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32 BC HOLSTEIN NEWS ❆ CHRISTMAS 2021 Hoof Health Focus
Preventing Lameness - Cow Comfort, Hoof Trimming, Footbaths
 If you’re not looking for lame cows, you won’t see them
Mariah Schuurman B.A., Trinity Western University
Dr. Laura Solano wrote in a research article that you can link lameness to floor cleanliness, to stocking density, to feed intake and days in milk. It is recognized that there is no “perfect” solution to good hoof health; what works for some herds may not work for others.
Two Fraser Valley herds with exceptionally good hoof health were recommended to us by local veterinarians for this feature. Our visits with Richard Bosma of Vedderlea Farm and Casey Pruim of Prime Acres Ltd. from Abbotsford, BC identified their tactical hoof-health programs aligned with research findings as presented by Dr. Solano.
Stalls that are used appropriately can help to prevent the development of lameness and injuries.
At Vedderlea, Richard notes that the stalls are ‘double-bedded’ with tires and deep, reclaimed separated manure solids. The tires, he suggests, allow for greater traction to get up, and are comfortable for the cows. When stalls are bedded on Tuesdays and Thursdays, cows are cycled through the foot bath – not at milking times. Lime is also added to the stalls twice daily in order to help control pathogen growth in organic bedding.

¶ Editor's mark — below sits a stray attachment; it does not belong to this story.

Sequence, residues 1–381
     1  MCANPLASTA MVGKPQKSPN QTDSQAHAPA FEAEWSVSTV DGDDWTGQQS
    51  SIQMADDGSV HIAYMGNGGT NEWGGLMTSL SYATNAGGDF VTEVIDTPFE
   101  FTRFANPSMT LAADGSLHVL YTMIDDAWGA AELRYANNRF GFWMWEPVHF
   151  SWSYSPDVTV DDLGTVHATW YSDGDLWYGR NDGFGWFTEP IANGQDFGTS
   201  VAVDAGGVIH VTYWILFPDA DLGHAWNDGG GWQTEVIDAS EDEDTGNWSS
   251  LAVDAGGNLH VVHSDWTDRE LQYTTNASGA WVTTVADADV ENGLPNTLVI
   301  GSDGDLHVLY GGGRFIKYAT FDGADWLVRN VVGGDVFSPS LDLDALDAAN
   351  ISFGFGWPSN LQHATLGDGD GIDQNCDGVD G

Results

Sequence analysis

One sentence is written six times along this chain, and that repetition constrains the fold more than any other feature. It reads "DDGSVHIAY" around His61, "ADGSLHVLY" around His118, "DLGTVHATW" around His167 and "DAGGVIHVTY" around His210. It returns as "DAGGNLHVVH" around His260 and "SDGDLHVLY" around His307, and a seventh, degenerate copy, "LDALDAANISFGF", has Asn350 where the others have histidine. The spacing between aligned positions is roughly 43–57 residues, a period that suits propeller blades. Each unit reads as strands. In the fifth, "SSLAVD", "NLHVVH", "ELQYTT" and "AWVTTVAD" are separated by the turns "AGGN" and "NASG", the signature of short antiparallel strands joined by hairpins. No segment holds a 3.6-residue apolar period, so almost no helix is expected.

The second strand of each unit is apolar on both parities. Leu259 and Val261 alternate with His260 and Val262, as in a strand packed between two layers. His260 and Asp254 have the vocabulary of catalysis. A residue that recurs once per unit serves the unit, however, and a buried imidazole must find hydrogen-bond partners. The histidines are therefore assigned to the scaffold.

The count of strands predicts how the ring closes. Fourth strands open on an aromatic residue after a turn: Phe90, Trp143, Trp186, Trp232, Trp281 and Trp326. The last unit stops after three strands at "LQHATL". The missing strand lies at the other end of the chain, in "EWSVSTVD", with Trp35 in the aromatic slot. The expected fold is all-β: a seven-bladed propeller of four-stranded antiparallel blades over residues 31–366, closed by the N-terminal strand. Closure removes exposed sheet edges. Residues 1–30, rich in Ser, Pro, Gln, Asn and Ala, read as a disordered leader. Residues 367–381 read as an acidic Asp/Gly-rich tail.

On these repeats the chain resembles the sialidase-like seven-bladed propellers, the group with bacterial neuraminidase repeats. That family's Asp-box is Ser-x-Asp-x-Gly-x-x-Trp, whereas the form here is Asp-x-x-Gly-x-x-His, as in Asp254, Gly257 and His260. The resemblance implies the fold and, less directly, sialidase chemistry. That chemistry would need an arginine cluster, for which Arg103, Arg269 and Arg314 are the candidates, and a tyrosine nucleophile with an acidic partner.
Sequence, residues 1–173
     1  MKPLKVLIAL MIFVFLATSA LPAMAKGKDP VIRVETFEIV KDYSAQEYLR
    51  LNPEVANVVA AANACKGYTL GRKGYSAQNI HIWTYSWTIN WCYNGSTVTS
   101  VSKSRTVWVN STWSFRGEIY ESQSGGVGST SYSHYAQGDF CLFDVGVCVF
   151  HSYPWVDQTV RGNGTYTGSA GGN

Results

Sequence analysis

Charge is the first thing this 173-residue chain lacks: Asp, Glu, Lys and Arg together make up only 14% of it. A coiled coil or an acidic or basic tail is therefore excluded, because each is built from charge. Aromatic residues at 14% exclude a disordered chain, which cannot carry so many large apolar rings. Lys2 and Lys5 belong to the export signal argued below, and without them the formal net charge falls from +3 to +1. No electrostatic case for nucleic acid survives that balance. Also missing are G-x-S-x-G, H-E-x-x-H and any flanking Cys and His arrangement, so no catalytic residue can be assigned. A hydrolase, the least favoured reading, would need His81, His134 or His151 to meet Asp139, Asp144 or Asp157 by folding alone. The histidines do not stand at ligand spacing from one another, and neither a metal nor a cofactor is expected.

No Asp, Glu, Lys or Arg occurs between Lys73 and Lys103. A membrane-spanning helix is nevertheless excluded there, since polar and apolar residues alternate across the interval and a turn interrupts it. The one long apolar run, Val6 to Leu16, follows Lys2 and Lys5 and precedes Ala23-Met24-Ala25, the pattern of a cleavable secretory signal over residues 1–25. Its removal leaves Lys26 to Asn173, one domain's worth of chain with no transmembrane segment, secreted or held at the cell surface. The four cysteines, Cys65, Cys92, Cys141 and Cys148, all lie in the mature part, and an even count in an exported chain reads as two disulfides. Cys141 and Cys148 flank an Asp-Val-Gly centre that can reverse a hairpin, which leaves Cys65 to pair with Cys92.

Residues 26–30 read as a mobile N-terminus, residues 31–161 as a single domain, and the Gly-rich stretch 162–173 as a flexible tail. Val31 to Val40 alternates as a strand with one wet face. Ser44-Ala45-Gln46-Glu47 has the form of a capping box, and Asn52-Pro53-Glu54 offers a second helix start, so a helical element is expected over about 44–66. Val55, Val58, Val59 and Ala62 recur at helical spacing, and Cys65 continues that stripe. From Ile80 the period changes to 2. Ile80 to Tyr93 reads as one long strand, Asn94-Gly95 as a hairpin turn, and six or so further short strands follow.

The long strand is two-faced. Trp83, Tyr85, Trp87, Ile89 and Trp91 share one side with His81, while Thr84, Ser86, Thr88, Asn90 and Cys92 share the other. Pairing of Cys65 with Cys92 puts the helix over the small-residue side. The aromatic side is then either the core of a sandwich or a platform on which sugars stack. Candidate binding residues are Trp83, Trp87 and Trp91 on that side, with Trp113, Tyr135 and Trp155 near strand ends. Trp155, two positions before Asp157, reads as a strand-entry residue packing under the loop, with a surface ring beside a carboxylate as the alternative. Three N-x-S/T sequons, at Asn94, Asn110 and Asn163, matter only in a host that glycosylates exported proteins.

The 48” wide stalls at Prime Acres have reclaimed, separated manure solids bedding and individual mats. Casey has found the use of stall mats combined with a deep application of bedding is effective in reducing hock abrasions.
For both Richard and Casey, cow comfort plays a crucial role in hoof health. The application of fans and misters in the summer allow the cows to keep cool and more relaxed when laying in the stalls, thus reducing standing time in the alley.
More than 5% active digital dermatitis lesions is a sign that the footbath is ineffective.
This rings true for the cows at Vedderlea, as the cows walk through two 6ft long plastic troughs with copper sulfate and formaldehyde on Tuesday, and formaldehyde only on Thursday. Richard notes that the dual use of copper sulfate and formaldehyde act “two-pronged” to attack primary and secondary hoof diseases. Farm staff use respirators and handle formaldehyde with extreme caution, as the product is a known carcinogen. He has found incidents of (non- DD) lesions in March 2021 were 5.7% and in July 2021 were 3.0% through the whole herd. No incidences of digital dermatitis have been identified in the last two whole- herd hoof trims.